Mothers with diabetes more likely to have autism-linked anti-fetal brain autoantibodies.


Autism spectrum disorder (ASD) is a neurodevelopmental condition that manifests in early childhood and is characterized by impairments in social communication and presence of stereotyped behaviours and restricted interests, with varying degrees of symptom severity and presentation.  Approximately 23% of mothers of children with ASD produce specific patterns of autoantibodies to fetal brain proteins that have been detected in only 1% of mothers of typically developing children.  However, the biological mechanisms underlying the development of ASD-specific maternal autoantibodies are poorly understood.  Now, a study from researchers at UC Davis shows that mothers of children with autism and were diagnosed with metabolic conditions during pregnancy, particularly gestational and type 2 diabetes, were more likely to have anti-fetal brain autoantibodies in their blood compared to healthy women of children with autism. The team state that they found a three-fold increase in the prevalence of anti-fetal brain antibodies among the mothers of children with autism who were diagnosed with gestational diabetes or type 2 diabetes.  The study is published in the journal Autism Research.

Previous studies show that the presence of these anti-fetal brain autoantibodies has been previously found to be specific to some mothers of children with autism and rare among mothers of children without autism.  Earlier studies from the team showed that approximately 23% of women with a child diagnosed with autism had specific patterns of autoantibodies that target proteins highly expressed in the fetal brain. These autoantibody patterns were detected in only 1% of women who did not have children with autism. The finding, reported in 2013, was the first to identify a specific risk factor for a significant subset of autism cases, as well as a potential biomarker for drug development and early diagnosis.  The current study shows that diabetic women were three times more likely to have anti-fetal brain autoantibodies, particularly those whose children’s autism fell on the severe end of the spectrum.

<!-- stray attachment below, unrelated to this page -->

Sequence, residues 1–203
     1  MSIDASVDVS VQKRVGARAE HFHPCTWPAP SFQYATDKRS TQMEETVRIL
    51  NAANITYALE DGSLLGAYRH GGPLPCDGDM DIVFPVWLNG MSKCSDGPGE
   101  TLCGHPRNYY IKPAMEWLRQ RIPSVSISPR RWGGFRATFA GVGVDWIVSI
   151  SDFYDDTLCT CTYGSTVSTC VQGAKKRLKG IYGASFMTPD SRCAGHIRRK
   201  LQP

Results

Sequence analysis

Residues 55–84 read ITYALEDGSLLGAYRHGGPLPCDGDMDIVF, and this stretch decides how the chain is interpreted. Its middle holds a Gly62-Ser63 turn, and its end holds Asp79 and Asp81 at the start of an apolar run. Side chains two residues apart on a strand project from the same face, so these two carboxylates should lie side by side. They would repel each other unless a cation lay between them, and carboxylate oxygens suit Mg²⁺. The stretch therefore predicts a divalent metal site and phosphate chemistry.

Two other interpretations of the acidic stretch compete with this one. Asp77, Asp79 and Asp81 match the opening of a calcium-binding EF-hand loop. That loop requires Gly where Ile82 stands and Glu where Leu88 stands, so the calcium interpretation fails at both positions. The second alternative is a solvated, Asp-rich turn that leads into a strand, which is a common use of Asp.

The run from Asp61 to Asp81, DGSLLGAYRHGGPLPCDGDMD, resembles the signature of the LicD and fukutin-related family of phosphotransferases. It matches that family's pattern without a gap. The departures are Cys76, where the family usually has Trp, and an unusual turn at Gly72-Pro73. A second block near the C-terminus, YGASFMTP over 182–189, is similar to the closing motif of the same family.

The current study investigated 227 mother/child pairs who are participants in the Childhood Autism Risk from Genetics and the Environment (CHARGE) Study, which examines the environmental and genetic causes of autism. Results show that autism-specific maternal autoantibodies were more prevalent among mothers diagnosed with diabetes, hypertensive disorders, or who were moderately overweight compared to healthy mothers.  Data findings show that women with other metabolic conditions, such as high blood pressure and elevated body mass index (BMI) also had a higher prevalence of anti-fetal brain autoantibodies.

Results show that among the study participants, 145 mothers had children who exhibited symptoms of severe autism and of these mothers, those diagnosed with type 2 or gestational diabetes were nearly three times more likely to have the autism-specific anti-fetal brain antibodies, when compared with healthy mothers.

The team surmise that their findings show metabolic conditions are characterized by increased inflammation.  They go on to add that as a number of studies have established links between metabolic conditions during pregnancy and neurodevelopmental conditions in children, it is also reasonable to presume that these conditions may alter the maternal immune tolerance to the fetus during pregnancy.  For the future, the researchers state that women who are planning a pregnancy should be encouraged to achieve a healthier pre-pregnancy weight through changes in diet and physical activity, and if a mother was diagnosed with a metabolic condition to keep a closer watch of the baby’s development.

Source: UC Davis MIND Institute

 

In the largest study of its kind to date, researchers have used DNA sequencing to uncover dozens of genes that heighten the risk for autism spectrum disorder (ASD).

In the largest study of its kind to date, researchers have used DNA sequencing to uncover dozens of genes that heighten the risk for autism spectrum disorder (ASD).

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